Methylation Defect Issues
Methylation Defect issues are present in virtually all children along the autism spectrum. Problems with methylation result in low Glutathione. Glutathione is the body’s master antioxidant and plays a big role in detoxification.
The most commonly known Methylation Defect issue is with MTHFR (Methylene Tetra Hydra Folate Reductase). This is a family of enzymes in the Methylation pathway. The most researched Methylation enzymes are MTHFR 677 and 1298. The numbers refer to where the anomaly occurs on the gene. The 677 is the most researched of these anomalies.
The anomalies are either Heterozygous (Dissimilar) or Homozygous (Similar). These anomalies come from our parents. A Heterozygous means one of the pair of genes is involved. In other words, There’s one normal gene from one parent and one anomaly from the other parent. These anomalies are SNPs (Pronounced Snips). If it affects both genes, then it’s Homozygous.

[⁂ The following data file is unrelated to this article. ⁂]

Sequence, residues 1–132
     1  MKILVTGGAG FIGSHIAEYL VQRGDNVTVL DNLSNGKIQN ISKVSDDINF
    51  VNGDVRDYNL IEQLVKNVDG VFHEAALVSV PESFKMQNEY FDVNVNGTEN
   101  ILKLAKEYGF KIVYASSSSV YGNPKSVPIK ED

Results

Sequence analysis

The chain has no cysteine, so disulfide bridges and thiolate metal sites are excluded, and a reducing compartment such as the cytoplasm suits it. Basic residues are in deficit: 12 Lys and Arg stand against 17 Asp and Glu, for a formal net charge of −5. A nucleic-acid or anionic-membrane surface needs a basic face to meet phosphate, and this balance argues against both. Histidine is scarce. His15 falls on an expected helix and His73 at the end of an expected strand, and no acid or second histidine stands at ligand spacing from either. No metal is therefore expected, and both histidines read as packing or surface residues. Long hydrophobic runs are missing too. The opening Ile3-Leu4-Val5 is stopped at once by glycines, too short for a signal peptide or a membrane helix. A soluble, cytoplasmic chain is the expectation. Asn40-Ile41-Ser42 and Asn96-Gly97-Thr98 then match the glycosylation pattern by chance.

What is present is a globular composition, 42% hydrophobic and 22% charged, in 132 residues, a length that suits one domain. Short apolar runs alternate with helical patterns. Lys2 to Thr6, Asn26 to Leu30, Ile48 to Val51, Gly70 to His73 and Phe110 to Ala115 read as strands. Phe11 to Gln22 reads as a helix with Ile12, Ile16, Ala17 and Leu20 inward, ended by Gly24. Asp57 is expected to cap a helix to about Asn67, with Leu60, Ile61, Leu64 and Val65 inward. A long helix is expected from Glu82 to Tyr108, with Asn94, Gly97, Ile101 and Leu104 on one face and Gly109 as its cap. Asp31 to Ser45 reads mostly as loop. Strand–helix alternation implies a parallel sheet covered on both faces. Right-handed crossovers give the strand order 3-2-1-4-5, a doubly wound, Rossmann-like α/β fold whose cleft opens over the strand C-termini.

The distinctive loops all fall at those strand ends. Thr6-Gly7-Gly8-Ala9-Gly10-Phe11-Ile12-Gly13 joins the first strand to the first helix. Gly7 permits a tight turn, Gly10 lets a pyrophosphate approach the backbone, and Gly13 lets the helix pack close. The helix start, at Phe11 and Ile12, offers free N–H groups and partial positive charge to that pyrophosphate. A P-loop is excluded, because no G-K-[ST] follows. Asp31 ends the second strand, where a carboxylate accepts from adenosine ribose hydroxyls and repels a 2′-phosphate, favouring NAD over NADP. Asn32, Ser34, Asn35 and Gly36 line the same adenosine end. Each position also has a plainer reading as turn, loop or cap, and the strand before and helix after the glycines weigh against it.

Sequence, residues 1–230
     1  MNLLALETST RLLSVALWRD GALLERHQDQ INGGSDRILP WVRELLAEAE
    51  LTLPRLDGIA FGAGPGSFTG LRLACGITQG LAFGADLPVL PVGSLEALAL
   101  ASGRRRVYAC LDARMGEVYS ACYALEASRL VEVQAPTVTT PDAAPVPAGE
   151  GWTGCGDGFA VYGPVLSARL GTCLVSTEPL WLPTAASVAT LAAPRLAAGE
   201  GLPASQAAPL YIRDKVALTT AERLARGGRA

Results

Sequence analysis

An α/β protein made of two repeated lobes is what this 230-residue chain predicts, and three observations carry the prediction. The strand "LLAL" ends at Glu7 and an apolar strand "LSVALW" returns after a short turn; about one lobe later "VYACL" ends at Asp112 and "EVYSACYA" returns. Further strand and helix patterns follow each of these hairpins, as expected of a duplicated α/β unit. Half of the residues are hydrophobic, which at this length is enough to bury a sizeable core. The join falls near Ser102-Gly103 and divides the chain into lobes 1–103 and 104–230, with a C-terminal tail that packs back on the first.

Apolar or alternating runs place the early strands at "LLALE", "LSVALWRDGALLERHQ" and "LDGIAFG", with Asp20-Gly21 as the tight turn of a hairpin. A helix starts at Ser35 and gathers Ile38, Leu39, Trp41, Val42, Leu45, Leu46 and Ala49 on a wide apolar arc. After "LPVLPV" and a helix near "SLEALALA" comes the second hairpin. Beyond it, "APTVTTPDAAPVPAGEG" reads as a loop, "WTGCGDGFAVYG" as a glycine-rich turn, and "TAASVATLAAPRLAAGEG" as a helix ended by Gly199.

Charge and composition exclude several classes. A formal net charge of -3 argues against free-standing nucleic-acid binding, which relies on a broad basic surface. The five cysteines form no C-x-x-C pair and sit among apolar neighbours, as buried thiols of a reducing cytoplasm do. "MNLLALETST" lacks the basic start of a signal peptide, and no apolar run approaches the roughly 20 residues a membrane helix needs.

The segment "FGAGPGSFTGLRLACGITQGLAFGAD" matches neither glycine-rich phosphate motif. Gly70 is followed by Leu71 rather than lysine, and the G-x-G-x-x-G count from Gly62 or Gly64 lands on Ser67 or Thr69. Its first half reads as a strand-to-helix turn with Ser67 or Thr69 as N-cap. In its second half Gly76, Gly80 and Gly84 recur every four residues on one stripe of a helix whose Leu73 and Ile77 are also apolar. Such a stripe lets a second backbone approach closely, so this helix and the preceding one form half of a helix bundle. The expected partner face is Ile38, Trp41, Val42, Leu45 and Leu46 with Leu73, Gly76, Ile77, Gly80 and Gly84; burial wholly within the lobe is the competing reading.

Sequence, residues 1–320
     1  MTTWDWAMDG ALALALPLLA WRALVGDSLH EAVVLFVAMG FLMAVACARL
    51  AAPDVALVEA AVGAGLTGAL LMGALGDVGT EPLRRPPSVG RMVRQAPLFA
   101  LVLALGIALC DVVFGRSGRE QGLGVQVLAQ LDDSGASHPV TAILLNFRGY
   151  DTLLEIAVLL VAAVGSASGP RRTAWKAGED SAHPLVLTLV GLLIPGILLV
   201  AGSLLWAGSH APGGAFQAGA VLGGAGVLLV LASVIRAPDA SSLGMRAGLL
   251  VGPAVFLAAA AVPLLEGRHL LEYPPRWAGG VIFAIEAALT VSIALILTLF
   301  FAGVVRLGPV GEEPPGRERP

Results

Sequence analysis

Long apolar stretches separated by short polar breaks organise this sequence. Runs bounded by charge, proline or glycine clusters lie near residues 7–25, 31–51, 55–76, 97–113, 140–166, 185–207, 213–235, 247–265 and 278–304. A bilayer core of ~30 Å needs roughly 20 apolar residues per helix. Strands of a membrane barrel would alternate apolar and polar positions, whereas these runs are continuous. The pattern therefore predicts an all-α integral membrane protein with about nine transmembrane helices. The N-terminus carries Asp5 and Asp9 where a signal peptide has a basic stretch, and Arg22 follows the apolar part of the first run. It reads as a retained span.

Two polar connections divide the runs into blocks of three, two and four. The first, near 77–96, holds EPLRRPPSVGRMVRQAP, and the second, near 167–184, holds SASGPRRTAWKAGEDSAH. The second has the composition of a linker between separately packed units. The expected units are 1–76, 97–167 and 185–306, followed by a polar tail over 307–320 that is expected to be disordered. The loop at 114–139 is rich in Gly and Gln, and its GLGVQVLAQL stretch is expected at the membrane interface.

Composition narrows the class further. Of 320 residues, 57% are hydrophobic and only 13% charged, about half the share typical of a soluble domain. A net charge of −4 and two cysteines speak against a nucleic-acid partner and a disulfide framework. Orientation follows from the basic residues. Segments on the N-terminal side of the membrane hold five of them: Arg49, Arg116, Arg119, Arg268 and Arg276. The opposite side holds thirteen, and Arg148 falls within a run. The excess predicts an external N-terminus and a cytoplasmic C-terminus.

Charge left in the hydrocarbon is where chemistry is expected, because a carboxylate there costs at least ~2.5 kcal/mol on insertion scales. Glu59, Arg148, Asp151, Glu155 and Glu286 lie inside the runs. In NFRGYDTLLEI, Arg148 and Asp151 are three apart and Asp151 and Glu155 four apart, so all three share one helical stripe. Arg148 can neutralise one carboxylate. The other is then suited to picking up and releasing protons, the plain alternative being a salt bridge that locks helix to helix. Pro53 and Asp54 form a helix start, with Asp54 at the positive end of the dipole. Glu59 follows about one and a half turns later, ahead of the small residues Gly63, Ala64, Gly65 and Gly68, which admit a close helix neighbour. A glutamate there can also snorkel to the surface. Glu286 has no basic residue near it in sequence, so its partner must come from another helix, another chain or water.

See this short video explaining the concept. If the anomaly is Heterozygous, Then the efficiency of the enzyme decreases by around 30 percent; if Homozygous, Then the efficiency can drop to 20 to 30 percent of normal. There are usually multiple SNPs affecting Methylation Defect, and it’s the combination of these SNPs that cause a major Glutathione deficiency.